Come hell or high water, hold the Corps accountable
By Nicole Wroten
People still refer to the disaster in the aftermath of Hurricane Katrina simply as “Hurricane Katrina.” This is not correct. Hurricane Katrina did not cause the flooding of New Orleans; it just brought the rain.
“The flooding of New Orleans was a man-made catastrophe, a federal fuck-up of epic proportions, and decades in the making,” said Creighton Bernette, a character on the HBO drama Treme about New Orleans in the months following the storm. Bernette (played by John Goodman) and his words are based on real-life post-Katrina advocate and Tulane University professor Ashley Morris. Morris was just one of the activists who took charge of a movement of citizens who weren’t going to take this disaster lying down.
New Orleans resident Sandy Rosenthal started an advocacy group, Levees.org, after she learned the levees had not been overtopped as was reported, but rather had failed. It’s one thing if the levees were overtopped – it couldn’t be helped. It’s another thing entirely that they were breached and they failed. Something the government built and maintained, failed. Hmmm, who’d have thought it? Rosenthal’s and subsequently New Orleans’ mantra soon became “Hold the Corps accountable” – a phrase that you can still see on bumper stickers and in store windows across New Orleans. The Corps’ power finally started coming into light.
In no other instance, since the disaster following Hurricane Katrina, has that been more apparent than in the recent opening of the Morganza Spillway, which put 25,000 residents in the Atchafalaya Basin at risk. This “devil’s choice” was one that nobody wanted to make, but the Army Corps certainly stepped right up and decided, didn’t they? The “devil’s choice,” indeed.
How is it that this government entity, responsible for the over 50 levee failures causing the flooding of New Orleans, still gets to make decisions like this in the U.S.? More than a dozen investigations were carried out after the disaster, all agreeing that the engineering mechanisms built and maintained by the Corps failed. But of course, the only federally mandated study was undertaken by the Corps of Engineers themselves. Indeed, their own study concluded there were engineering oversights and flawed design in the levees protecting New Orleans – protecting a pre-Katrina population of over 1.3 million people. The study conducted by the Corps of Engineers of the Corps of Engineers said the Corps of Engineers failed miserably. Why are we still allowing them to control and mandate flood protection in the U.S.? Why are we still allowing them to make these decisions to flood our own backyards?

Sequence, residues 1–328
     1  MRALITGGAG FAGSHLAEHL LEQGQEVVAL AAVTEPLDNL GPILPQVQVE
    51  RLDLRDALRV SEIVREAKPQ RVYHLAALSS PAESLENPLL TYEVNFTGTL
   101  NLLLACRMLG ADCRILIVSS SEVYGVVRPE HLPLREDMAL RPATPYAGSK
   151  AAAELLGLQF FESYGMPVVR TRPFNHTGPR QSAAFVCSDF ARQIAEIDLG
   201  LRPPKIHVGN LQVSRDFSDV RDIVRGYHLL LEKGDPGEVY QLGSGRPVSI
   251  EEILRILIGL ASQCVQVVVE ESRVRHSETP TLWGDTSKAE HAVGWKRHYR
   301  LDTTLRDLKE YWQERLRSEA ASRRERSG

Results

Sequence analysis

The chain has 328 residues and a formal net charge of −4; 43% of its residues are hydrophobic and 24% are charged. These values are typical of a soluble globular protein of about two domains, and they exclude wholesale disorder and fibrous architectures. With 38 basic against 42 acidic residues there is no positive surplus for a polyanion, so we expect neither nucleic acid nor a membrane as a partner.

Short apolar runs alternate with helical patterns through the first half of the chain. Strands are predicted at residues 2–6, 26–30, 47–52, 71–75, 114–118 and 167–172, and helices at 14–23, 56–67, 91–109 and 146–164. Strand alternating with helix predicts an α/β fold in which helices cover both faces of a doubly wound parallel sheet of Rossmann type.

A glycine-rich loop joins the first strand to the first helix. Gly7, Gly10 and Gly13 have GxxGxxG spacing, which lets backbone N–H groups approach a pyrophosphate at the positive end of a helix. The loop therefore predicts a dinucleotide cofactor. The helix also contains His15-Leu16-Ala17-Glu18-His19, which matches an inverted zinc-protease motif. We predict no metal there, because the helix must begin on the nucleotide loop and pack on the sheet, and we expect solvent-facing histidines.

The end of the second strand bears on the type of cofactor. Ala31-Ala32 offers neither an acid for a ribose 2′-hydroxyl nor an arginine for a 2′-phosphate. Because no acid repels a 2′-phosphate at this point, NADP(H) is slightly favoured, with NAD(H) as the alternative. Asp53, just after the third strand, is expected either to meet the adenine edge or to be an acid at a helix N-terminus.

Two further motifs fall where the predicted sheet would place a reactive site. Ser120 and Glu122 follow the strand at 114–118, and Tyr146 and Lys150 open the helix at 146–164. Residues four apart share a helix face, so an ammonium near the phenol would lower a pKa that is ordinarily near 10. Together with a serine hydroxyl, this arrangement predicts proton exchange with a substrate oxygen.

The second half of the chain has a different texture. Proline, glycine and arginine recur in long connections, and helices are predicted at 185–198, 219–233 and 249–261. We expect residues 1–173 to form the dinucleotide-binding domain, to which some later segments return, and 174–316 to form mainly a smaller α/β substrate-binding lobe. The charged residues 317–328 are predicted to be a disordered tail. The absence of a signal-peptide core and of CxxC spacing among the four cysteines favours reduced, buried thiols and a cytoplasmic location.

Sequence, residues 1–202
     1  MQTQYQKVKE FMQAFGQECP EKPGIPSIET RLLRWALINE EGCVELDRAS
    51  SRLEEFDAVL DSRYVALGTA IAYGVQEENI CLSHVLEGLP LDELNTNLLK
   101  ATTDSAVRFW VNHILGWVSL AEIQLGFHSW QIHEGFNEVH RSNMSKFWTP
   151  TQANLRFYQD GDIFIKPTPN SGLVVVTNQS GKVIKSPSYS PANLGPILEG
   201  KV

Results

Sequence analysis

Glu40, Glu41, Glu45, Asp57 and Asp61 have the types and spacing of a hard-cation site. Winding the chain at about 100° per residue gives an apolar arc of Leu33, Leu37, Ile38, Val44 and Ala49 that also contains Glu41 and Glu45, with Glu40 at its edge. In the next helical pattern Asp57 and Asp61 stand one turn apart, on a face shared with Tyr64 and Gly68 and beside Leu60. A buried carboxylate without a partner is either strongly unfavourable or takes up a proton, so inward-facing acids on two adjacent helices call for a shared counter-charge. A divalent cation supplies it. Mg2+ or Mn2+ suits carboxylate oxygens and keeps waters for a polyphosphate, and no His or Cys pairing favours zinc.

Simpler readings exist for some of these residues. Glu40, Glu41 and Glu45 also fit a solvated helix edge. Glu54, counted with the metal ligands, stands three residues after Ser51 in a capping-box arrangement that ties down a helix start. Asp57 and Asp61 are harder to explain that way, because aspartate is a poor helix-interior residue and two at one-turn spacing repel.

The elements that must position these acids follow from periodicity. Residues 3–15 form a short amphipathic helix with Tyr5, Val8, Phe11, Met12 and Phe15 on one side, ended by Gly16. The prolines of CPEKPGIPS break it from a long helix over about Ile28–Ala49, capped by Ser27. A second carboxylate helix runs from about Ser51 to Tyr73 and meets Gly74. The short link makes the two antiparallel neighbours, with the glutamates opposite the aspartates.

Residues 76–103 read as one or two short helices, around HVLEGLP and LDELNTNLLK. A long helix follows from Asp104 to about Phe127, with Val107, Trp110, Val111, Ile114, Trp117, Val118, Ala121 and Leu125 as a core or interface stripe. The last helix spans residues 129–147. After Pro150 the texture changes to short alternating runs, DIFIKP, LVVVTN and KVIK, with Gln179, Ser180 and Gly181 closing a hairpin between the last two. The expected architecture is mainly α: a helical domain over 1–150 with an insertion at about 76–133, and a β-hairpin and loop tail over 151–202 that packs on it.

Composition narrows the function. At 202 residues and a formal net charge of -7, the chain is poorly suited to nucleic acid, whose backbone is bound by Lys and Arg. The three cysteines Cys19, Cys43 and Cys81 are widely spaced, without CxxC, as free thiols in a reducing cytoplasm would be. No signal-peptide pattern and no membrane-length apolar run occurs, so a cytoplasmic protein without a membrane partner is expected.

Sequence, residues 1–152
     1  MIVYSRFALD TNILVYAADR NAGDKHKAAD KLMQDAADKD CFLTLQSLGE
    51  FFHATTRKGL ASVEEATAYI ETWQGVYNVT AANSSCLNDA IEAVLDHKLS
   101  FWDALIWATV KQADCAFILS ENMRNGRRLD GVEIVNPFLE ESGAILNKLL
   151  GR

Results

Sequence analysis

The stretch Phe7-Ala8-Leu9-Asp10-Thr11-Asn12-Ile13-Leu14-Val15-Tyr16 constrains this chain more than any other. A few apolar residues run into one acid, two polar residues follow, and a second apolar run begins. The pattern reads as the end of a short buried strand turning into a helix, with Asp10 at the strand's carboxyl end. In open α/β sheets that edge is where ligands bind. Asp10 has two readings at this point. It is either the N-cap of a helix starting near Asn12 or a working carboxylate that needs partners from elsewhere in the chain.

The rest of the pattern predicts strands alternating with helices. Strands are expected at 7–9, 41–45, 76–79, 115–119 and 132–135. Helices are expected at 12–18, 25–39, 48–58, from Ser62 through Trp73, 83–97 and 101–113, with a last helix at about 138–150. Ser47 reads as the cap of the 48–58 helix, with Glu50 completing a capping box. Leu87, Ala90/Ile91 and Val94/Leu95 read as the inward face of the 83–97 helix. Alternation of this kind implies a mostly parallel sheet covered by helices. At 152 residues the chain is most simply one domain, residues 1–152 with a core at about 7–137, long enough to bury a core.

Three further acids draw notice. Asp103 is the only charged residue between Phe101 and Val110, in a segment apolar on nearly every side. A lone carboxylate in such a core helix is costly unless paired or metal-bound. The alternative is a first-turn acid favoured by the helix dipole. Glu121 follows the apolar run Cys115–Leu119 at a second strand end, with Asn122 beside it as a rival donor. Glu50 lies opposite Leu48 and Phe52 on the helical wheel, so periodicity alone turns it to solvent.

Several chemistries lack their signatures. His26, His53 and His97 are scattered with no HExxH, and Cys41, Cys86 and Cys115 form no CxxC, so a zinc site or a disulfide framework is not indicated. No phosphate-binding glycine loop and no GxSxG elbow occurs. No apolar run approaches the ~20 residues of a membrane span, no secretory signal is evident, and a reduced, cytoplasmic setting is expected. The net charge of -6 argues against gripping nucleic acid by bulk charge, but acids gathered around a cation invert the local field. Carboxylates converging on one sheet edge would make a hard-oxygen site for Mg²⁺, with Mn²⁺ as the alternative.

Saturday, I was at a local salon listening as several women discussed the flooding in Louisiana, spouting off facts they’d seen on the news. “I think they’re better off,” one woman snidely pronounced. After having evacuated New Orleans two days before Hurricane Katrina, I know first-hand what it’s like to “run” from a flood – the worst one in U.S. history.
She reminded me of all the comments on CNN.com and blogs I read following Hurricane Katrina, suggesting New Orleans should not be saved because of its bowl design and vast flood protection measures eating up federal dollars. Should we not have rebuilt San Francisco after the earthquake? Should we turn our backs on every city along U.S. coastlines because of hurricanes?
I returned because that is what people do in the City of New Orleans. It is their home. Flooding, they are used to. Rebuilding can be done. They can’t get used to a home that is not New Orleans.
I feel Dayton and New Orleans can be easily compared in this regard. The people of Dayton want to live here. The City of Dayton, however, deals differently with flood protection.
The Miami Conservancy District (MCD) was established after the Great Dayton Flood of 1913 and built the levee system that now protects Dayton and the surrounding areas from flooding. This district is funded by the community that most benefits from its flood protection and the Army Corps of Engineers has zero involvement in the maintenance or funding of the system.
This is rare in the U.S. because most cities currently have a levee system built by the Army Corps of Engineers and are “protected” from flooding by them, like New Orleans. MCD Chief Engineer Kurt Rinehart agrees that Dayton, having a unique system like this in place, has both advantages and disadvantages. The disadvantages include not being able to get Congressional monies to fund larger projects and repairs, but on the flip side, one of the advantages is not having to wait on federal money to complete a project. I think the biggest advantage he mentioned is having local control over what the MCD is doing.
In Dayton, we have control over our own destiny when it comes to flood protection. We pay for this with our own tax dollars and it is comforting to know this control is in our own backyard. MCD works closely with the counties within their jurisdiction and I feel reassured knowing they can’t just swoop in and make a decision without local approval. Whereas the Army Corps of Engineers, well, all they seem to do is swoop in and take control. I consider myself lucky knowing that the Corps can’t screw me over again.
Reach DCP Editor Nicole Wroten at Editor@daytoncitypaper.com